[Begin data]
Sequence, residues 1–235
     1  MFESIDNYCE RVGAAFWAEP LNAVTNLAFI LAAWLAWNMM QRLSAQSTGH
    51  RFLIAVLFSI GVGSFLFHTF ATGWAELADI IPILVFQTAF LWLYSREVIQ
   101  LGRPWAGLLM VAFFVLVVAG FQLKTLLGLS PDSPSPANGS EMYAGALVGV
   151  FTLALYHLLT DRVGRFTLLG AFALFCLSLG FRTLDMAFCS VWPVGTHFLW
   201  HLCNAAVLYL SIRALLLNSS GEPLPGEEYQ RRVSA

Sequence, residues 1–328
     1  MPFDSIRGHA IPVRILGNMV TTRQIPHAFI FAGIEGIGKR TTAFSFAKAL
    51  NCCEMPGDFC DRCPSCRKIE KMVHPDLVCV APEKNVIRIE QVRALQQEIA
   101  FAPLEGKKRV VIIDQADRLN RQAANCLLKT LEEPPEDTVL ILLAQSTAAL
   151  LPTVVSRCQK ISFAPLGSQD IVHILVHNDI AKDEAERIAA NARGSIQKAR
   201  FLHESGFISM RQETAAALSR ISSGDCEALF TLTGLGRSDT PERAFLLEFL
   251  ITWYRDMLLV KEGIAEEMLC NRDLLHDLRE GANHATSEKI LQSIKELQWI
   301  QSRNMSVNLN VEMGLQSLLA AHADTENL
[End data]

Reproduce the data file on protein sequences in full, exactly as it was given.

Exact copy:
Sequence, residues 1–235
     1  MFESIDNYCE RVGAAFWAEP LNAVTNLAFI LAAWLAWNMM QRLSAQSTGH
    51  RFLIAVLFSI GVGSFLFHTF ATGWAELADI IPILVFQTAF LWLYSREVIQ
   101  LGRPWAGLLM VAFFVLVVAG FQLKTLLGLS PDSPSPANGS EMYAGALVGV
   151  FTLALYHLLT DRVGRFTLLG AFALFCLSLG FRTLDMAFCS VWPVGTHFLW
   201  HLCNAAVLYL SIRALLLNSS GEPLPGEEYQ RRVSA

Sequence, residues 1–328
     1  MPFDSIRGHA IPVRILGNMV TTRQIPHAFI FAGIEGIGKR TTAFSFAKAL
    51  NCCEMPGDFC DRCPSCRKIE KMVHPDLVCV APEKNVIRIE QVRALQQEIA
   101  FAPLEGKKRV VIIDQADRLN RQAANCLLKT LEEPPEDTVL ILLAQSTAAL
   151  LPTVVSRCQK ISFAPLGSQD IVHILVHNDI AKDEAERIAA NARGSIQKAR
   201  FLHESGFISM RQETAAALSR ISSGDCEALF TLTGLGRSDT PERAFLLEFL
   251  ITWYRDMLLV KEGIAEEMLC NRDLLHDLRE GANHATSEKI LQSIKELQWI
   301  QSRNMSVNLN VEMGLQSLLA AHADTENL